Diagnostic Radiology/Musculoskeletal Imaging/Metabolic Basic/Rickets

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X-ray of the legs in a two-year-old child with rickets

Rickets is a disorder of infancy and early childhood of multiple etiologies. Rickets, causing soft bones, may occur if enough vitamin D is not present to assist in calcium absorption. When enough calcium is not absorbed by the bone, it does not harden properly, and is too soft to support the weight of the growing body properly. The disease of rickets takes its name from the Greek word for spine, rhakhis.

Etiology[edit | edit source]

Vitamin D is made by the body when it is exposed to ultraviolet light (which is found in sunlight). Vitamin D is also added to milk, milk products, and multi-vitamin pills through a process originally patented by Harry Steenbock. Some people who do not get enough sun exposure, milk products, or green vegetables may also develop the disease. Deficiency of calcium can also cause rickets, particularly in some developing countries where the intake of calcium-rich products such as leafy greens, nuts, and seeds is low.

Hereditary rickets, is caused by an inherited disease that interferes with the resorption of renal tubular phosphate in the kidney. Rickets can also be caused by certain liver diseases.

A similar disorder can occur in adults, and is called osteomalacia. Then, it is caused by the inability of bone cells to calcify, or harden. Less frequently, nutritional shortage of calcium or phosphorus may produce rickets.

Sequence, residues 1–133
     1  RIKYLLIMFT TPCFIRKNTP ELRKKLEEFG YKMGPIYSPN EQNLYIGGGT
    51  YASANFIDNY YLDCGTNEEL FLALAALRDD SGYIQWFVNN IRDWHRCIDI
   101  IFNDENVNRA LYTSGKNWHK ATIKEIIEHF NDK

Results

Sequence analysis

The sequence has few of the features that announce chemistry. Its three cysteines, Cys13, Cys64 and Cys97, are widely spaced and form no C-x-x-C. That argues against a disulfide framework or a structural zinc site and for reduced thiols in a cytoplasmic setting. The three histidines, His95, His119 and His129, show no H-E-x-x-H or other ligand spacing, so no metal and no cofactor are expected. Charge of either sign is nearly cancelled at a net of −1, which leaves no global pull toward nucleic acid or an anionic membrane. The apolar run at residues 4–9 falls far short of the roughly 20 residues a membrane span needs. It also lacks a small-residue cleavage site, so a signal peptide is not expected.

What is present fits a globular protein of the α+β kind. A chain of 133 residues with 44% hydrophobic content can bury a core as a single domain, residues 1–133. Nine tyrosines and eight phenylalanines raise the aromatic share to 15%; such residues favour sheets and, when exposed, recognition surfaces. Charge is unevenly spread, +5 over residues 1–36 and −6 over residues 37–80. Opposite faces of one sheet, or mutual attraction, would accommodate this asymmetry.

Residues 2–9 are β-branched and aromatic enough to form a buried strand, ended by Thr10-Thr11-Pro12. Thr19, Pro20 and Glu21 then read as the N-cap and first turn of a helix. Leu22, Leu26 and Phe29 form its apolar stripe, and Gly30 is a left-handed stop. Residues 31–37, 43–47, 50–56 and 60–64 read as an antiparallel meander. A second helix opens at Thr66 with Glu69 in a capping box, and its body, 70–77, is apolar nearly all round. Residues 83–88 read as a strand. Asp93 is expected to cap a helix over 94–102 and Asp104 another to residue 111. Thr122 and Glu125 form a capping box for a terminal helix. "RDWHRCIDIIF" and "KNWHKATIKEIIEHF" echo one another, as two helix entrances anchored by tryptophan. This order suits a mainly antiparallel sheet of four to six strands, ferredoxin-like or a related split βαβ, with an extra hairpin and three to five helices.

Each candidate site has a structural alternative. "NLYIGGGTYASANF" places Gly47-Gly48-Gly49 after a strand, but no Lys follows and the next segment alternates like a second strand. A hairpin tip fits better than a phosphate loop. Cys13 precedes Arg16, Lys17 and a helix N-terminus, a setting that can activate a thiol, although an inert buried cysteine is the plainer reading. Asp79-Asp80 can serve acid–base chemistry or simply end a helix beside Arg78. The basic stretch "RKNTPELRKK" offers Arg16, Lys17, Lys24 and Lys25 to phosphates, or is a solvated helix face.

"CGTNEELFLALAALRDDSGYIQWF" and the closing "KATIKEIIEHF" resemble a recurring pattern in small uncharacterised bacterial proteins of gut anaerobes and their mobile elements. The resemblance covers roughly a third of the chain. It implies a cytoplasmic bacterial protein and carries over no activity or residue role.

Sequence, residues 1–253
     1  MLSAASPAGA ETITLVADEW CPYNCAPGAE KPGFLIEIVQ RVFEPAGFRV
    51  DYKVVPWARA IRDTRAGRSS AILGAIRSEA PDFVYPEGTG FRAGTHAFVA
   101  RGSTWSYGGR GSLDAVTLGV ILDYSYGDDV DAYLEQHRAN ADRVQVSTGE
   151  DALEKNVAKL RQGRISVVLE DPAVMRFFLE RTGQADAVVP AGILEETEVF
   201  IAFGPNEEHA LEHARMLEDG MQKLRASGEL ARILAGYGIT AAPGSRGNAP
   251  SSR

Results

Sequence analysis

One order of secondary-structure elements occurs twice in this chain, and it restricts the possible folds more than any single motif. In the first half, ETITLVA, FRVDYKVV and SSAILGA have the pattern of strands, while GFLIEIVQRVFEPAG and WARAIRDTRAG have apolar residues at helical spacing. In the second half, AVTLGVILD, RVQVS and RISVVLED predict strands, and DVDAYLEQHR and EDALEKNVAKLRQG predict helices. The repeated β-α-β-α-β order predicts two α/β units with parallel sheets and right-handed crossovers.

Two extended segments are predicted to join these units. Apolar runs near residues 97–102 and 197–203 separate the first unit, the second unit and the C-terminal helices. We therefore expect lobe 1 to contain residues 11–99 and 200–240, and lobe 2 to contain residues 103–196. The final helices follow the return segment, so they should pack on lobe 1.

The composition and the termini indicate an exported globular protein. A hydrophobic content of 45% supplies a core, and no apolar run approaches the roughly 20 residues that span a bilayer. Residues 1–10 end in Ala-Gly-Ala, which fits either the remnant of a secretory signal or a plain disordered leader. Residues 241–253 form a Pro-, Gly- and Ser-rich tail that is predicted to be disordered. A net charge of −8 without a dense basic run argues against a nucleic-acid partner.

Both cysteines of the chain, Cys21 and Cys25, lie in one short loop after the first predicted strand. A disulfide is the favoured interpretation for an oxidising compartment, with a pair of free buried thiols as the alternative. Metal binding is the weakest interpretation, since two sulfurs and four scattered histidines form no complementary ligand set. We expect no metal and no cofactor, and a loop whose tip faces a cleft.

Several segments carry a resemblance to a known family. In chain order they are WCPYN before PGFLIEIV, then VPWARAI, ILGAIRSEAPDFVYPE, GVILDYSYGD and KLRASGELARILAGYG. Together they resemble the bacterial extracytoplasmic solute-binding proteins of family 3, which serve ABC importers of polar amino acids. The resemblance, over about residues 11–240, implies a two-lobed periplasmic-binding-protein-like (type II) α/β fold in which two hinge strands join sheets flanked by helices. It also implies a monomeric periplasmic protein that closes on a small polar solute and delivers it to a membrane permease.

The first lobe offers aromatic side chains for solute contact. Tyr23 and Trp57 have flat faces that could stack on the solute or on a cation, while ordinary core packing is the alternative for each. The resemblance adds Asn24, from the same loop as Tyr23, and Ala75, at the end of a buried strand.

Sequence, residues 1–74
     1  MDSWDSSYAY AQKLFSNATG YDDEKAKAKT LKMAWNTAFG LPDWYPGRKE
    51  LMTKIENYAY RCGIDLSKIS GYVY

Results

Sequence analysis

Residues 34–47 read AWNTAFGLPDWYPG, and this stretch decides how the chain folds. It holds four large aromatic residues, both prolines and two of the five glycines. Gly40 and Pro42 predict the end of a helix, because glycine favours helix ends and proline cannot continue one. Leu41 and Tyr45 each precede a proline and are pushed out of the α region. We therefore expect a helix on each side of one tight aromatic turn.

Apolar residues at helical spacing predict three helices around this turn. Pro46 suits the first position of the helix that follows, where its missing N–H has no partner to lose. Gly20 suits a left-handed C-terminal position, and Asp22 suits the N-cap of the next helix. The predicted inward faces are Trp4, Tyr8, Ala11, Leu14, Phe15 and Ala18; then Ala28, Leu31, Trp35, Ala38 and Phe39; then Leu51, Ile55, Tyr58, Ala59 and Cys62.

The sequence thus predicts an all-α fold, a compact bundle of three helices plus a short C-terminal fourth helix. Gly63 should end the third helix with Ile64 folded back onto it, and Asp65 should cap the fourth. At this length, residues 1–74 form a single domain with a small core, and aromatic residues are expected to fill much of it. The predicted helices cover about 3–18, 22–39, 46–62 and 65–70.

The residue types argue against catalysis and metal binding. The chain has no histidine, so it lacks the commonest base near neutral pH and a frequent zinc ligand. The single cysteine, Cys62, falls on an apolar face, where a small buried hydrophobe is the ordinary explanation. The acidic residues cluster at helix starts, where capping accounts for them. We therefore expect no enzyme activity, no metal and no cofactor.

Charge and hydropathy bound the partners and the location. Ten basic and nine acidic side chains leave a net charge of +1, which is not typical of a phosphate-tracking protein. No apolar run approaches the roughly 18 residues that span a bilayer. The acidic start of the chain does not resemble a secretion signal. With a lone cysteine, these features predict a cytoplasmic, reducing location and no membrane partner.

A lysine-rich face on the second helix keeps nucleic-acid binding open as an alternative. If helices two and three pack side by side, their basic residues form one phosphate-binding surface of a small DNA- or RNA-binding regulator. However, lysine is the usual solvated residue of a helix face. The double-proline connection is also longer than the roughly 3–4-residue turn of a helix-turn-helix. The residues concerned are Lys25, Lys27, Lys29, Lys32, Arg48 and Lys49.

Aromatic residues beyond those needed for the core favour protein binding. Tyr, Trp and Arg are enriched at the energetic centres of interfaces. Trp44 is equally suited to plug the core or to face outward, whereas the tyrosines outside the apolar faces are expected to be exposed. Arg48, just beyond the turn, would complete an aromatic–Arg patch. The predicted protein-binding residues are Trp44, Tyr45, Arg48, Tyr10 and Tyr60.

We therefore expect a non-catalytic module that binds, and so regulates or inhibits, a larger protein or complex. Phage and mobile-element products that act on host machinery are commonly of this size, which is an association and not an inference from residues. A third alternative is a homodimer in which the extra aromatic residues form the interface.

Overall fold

Manifestations of disease[edit | edit source]

Rickets causes bone pain, slowed growth in children, dental problems, muscle loss and increased risk of fractures (easily broken bones). Medical problems seen in children with rickets are

  1. Vitamin D deficiency,
  2. Skeletal deformity,
  3. Growth disturbance,
  4. Hypocalcemia (low level of calcium in the blood),
  5. Tetany (uncontrolled muscle spasms).

The X-ray, or radiograph, in the article is the classic image of advanced rickets sufferers: bow legs (outward curve of long bone of the legs) and a deformed chest. Changes in the skull also occur causing a distinctive "square headed" appearance. These deformities persist into adult life.

Treatment and prevention[edit | edit source]

Treatment involves increasing dietary intake of calcium, phosphates and Vitamin D. Exposure to sunshine, cod liver oil, halibut-liver oil, and viosterol are all sources of vitamin D.

A sufficient amount of sunlight each day and adequate supplies of calcium and phosphorus in the diet can prevent rickets. Darker-skinned babies need to be exposed longer to the ultraviolet rays. The replacement of Vitamin D may correct rickets using these methods of ultraviolet light and medicine.